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In this page: FDI in Figures | What to consider if you invest in Australia | Protection of Foreign Investment | Procedures Relative to Foreign Investment | Office Real Estate and Land Ownership | Investment Aid | Investment Opportunities | Sectors Where Investment Opportunities Are Fewer | Finding Assistance For Further Information

 

FDI in Figures

Global foreign direct investment (FDI) flows in the first half of 2021 reached an estimated USD 852 billion, showing stronger than expected rebound momentum, with an increase of 78% of the partial-year growth rate on the previous year according to UNCTAD’s Investment Trends Monitor released on October 2021. The global FDI outlook for the full year 2021 has also improved from earlier projections. The current momentum and the growth of international project finance are likely to bring FDI flows back beyond pre-pandemic levels. Nevertheless, the duration of the health crisis and the pace of vaccinations, especially in developing countries, as well as the speed of implementation of infrastructure investment stimulus, remain important factors of uncertainty. Other important risk factors, including labour and supply chain bottlenecks, energy prices and inflationary pressures, will also affect final year results (UNCTAD, October 2021). Covid’s impact on developing markets and shifting investment from China are major trends that will impact foreign investment in 2022.

After an economic slowdown, FDI flows to Australia have been strong thanks to the energy sector. According to the World Investment Report 2021 published by UNCTAD, following the Covid-19 pandemic, FDI inflows halved to USD 20 billion in 2020 from USD 39 billion in 2019, as a result of low cross-border sales targeting chemicals and the financial sector. Australia was the 14th largest economy in the world in terms of FDI inflows in 2020, with FDI stocks reaching USD 790 billion.

The main investing countries in Australia are the United States, the United Kingdom, Belgium, Japan, Hong Kong, Singapore, the Netherlands, Luxembourg, China, and New Zealand. These investments are mainly oriented towards the mining sector, manufacturing, finance and insurance, real estate and trade. While Australia’s resources sector, which has traditionally been attractive for foreign investment, continues to receive investor interest,  the services sector is now receiving greater attention.

Australia was ranked 14th out of 190 countries in the last World Bank's 2020 Doing Business report, in a significant increase from 2019, when it ranked 18th. The country is one of the most open to foreign direct investment among OECD member states, with FDI representing over a third of GDP. FDI through both majority and minority ownership supports 1 in 10 jobs in Australia (DFTA, 2022). That is thanks to its economic liberalism, stability, transparency of its legal system and strong economic growth over the last 25 years, which compensate for the narrowness of its market and its geographic isolation. The business environment is attractive, and the trading environment is conducive considering the strategic positioning of the economy within the Asia-Pacific region and the political links that it has with the United States. Australia recently introduced a series of changes to its foreign investment framework by simplifying the existing regulation. The new legislation is designed to ensure that foreign investment is appropriately assessed, and that national interest factors are properly considered.  Australia is also involved in mega trade agreements such as the Comprehensive and Progressive Agreement for Trans-Pacific Partnership and the Regional Comprehensive Economic Partnership. The government supports a case-by-case approach to considering foreign investment proposals, and in case proposals are found to be contrary to the national interest they can be either rejected or asked to be modified. This flexible approach is preferred to hard and fast rules, because the government believes that rigid laws that prohibit a class of investments can stop valuable investments. For that reason, they believe their approach maximises investment flows and protects Australia’s interests.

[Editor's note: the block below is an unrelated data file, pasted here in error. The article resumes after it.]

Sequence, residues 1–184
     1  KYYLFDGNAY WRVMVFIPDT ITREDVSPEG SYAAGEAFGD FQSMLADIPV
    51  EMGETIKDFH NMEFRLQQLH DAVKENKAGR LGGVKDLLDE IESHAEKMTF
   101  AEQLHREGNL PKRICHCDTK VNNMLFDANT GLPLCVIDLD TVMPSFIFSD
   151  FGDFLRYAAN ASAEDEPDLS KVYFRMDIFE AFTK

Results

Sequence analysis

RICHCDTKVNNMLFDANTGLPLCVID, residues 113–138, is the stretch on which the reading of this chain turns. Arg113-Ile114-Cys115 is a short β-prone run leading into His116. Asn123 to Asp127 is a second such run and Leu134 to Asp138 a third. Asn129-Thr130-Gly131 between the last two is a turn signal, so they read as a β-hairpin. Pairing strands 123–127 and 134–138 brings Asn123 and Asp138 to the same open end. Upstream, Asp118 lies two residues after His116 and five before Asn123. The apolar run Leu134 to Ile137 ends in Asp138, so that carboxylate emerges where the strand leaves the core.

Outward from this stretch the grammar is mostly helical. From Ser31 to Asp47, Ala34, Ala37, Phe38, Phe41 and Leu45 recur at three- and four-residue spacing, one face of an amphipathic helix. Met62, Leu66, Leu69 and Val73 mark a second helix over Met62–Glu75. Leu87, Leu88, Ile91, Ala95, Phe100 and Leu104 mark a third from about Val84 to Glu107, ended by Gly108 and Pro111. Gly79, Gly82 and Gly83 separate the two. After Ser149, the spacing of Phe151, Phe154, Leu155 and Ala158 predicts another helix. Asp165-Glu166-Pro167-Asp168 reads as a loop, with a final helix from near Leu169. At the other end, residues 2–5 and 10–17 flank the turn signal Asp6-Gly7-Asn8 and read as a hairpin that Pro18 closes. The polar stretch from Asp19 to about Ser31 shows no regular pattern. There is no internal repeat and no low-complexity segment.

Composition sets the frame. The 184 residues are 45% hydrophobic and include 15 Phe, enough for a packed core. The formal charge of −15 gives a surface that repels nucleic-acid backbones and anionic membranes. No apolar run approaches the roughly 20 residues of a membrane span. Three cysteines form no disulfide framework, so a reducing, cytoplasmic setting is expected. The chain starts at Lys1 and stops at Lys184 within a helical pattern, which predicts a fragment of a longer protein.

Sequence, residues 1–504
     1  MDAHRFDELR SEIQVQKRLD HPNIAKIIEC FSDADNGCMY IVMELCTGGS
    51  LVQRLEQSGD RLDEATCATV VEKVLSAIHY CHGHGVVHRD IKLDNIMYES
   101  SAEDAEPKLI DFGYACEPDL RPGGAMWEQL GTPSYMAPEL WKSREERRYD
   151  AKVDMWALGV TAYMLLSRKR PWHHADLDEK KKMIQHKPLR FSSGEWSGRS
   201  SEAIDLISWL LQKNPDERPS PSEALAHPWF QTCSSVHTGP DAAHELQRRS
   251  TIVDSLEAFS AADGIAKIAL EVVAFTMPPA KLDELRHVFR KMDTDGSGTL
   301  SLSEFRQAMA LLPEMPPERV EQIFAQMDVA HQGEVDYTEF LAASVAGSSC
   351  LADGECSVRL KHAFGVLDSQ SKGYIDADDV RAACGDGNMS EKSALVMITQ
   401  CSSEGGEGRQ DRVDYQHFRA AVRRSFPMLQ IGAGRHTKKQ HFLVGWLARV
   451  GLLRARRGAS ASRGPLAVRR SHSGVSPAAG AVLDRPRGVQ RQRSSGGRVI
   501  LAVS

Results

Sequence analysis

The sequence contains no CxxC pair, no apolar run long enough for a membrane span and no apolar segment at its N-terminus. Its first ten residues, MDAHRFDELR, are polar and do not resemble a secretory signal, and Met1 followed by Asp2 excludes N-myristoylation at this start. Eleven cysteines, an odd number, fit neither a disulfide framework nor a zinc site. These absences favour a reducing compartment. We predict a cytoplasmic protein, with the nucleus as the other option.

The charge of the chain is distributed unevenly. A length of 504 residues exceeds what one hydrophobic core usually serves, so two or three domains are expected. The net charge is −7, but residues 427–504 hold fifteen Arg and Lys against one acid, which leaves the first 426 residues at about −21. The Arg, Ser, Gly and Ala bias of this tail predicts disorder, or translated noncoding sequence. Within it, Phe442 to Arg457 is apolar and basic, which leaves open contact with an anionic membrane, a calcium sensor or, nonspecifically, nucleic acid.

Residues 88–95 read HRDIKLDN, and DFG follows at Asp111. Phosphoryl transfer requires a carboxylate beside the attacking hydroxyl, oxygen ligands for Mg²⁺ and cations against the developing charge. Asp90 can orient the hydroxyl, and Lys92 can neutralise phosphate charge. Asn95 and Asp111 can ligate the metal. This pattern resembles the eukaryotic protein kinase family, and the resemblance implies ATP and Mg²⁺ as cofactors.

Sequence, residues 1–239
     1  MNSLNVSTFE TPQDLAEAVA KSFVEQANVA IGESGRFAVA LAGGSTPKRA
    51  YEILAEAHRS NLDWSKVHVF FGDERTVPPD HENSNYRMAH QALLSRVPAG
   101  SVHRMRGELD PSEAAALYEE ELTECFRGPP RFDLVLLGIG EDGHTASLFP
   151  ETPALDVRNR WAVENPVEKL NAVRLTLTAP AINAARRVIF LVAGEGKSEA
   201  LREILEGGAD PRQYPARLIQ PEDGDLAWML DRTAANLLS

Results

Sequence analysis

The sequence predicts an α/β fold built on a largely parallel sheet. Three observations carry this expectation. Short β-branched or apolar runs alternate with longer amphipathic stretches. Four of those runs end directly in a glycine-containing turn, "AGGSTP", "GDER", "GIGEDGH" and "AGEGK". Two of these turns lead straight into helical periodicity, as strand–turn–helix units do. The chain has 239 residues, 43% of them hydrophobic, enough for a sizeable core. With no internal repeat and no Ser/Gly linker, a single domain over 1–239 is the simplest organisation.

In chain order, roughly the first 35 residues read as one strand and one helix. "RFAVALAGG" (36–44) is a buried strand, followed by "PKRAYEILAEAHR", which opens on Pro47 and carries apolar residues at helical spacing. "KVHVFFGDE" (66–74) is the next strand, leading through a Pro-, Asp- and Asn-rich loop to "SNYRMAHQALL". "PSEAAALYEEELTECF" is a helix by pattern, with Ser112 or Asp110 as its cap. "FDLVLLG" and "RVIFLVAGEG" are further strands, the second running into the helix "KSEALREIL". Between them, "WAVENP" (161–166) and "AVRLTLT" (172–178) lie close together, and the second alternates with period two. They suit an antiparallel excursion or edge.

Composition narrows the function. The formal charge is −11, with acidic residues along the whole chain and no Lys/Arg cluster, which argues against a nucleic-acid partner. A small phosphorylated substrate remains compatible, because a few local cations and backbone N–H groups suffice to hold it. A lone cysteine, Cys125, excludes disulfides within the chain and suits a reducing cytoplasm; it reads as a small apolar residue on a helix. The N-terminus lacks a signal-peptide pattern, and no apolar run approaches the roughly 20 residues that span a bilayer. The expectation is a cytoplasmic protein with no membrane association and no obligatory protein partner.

The latest United Nations Asia-Pacific Trade and Investment Trends Report provides additional information on FDI in Australia and Asia-Pacific in 2021 and 2022.

 
Foreign Direct Investment 201820192020
FDI Inward Flow (million USD) 68,47739,22420,146
FDI Stock (million USD) 701,316731,176790,655
Number of Greenfield Investments* 438433321
Value of Greenfield Investments (million USD) 18,29217,06118,587

Source: UNCTAD, Latest available data.

Note: * Greenfield Investments are a form of Foreign Direct Investment where a parent company starts a new venture in a foreign country by constructing new operational facilities from the ground up.

 

FDI STOCKS BY COUNTRY AND INDUSTRY

Main Investing Countries 2020, in %
United States 23.3
United Kingdom 18.5
Belgium 10.2
Japan 6.6
Hong Kong (SAR of China) 3.5
Singapore 2.9
Luxembourg 2.6
Netherlands 2.1
China 2.0
New Zealand 1.7
Canada 1.6